Rudolf Steiner’s Path of Spiritual Development: A Spiritual-Scientific Workbook
Torin M. Finser
"First, one might ask: Why not just read the first three books? After all, Rudolf Steiner wrote them in such a way that the very act of reading them can awaken new faculties. Who could ever duplicate that? It might even seem presumptuous to select passages from books that were constructed by an initiate. To those who have these and other objections, I have the following response: My hope is that the pages in this book serve as an invitation, so that those who work with this material will then be motivated to go to the original texts and work with them more intensively." —Torin Finser
Being in the Next Economy
In this insightful book, John Bloom, author of The Genius of Money, explores approaches toward transforming the conventional habits of mind and practice that have led to today’s imbalance in our economic life and in society as a whole. Acknowledging that money has permeated almost every aspect of daily life—including our relationships to nature and to one another—Bloom asks:
How and why did we arrive at our current forms of social practice, including organizational life and governance?
A Century of Rudolf Steiner's Work in North America
Henry Barnes—the author of A Life for the Spirit—brings us a comprehensive view of the development of the anthroposophic movement in North America. During its initial phase in the early 1900s, Americans began to return from Europe with word of an individual who spoke about the spiritual world from direct experience. The first spritual-scientific initiatives began in New York in the 1930s and spread across the prairies to the West Coast and beyond—to Canada, Mexico, and Hawaii—taking root in the hearts and minds of the “new world.”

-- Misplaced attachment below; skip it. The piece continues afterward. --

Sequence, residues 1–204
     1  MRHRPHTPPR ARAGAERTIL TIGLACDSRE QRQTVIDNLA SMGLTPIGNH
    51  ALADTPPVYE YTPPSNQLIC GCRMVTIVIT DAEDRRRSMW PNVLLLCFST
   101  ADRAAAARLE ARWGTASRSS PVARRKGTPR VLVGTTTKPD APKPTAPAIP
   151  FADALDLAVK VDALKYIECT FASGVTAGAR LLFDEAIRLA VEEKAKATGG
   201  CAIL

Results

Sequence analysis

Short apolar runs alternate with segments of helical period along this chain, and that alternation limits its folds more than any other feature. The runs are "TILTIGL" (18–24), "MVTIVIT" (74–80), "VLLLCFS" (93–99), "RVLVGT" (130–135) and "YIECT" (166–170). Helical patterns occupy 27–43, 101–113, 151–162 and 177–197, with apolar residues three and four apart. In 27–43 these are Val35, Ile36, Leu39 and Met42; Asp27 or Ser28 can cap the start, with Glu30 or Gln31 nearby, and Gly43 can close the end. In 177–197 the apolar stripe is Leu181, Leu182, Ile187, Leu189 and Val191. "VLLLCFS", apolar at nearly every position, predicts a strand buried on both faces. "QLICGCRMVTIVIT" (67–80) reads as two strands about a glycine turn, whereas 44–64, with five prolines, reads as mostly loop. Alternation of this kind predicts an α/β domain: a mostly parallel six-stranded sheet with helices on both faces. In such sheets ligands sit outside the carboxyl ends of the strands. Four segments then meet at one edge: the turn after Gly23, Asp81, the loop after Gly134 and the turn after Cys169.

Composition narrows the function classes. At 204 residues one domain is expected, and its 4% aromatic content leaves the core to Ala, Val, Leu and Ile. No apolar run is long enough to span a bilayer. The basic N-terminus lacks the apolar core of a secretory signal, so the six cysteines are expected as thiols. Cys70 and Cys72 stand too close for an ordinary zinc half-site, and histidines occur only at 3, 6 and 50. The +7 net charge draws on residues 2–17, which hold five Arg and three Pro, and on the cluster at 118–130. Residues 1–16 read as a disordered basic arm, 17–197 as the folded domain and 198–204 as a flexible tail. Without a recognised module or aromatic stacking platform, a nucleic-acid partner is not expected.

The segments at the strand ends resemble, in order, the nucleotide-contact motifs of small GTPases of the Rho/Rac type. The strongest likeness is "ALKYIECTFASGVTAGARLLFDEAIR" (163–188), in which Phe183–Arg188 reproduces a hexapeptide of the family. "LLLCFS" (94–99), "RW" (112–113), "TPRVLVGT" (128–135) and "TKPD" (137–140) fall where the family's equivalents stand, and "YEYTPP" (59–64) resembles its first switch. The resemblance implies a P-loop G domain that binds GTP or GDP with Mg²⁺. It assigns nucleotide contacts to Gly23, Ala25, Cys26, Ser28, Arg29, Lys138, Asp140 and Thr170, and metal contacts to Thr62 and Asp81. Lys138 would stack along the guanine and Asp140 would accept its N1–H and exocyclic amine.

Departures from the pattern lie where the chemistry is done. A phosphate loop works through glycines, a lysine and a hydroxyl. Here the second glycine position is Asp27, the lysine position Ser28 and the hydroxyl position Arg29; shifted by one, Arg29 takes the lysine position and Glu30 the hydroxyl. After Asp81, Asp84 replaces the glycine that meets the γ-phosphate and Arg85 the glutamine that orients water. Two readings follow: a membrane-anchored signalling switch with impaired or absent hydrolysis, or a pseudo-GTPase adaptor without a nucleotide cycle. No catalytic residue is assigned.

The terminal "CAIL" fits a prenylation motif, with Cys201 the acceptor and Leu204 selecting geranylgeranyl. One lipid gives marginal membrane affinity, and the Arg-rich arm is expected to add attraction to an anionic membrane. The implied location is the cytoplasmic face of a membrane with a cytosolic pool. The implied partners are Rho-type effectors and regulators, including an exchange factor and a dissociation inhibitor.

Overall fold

Change from the Inside Out
Torin M. Finser
“To achieve great things two things are needed; a plan and not quite enough time.” —Leonard Bernstein
The Necessity of True Inner Development in the Light of Anthroposophy
“The future of such spiritual esoteric movements as ours will depend more and more upon the realization that the spiritual development of humankind is a necessity.” —Rudolf Steiner
And the School of Spiritual Science
When Rudolf Steiner embarked on the esoteric lessons of the First Class in the newly founded Esoteric School at the Goetheanum, he suggested that the School for Spiritual Science as an esoteric institution had, in the years preceding the Christmas Foundation Meeting of 1923, become estranged from its intrinsic task. This volume closely investigates those matters—to which Steiner referred only briefly—tracing the development of Rudolf Steiner’s idea of the School in relation to the Michael community, which he first discussed at length in his lectures on karma, given in parallel to the First Class lessons.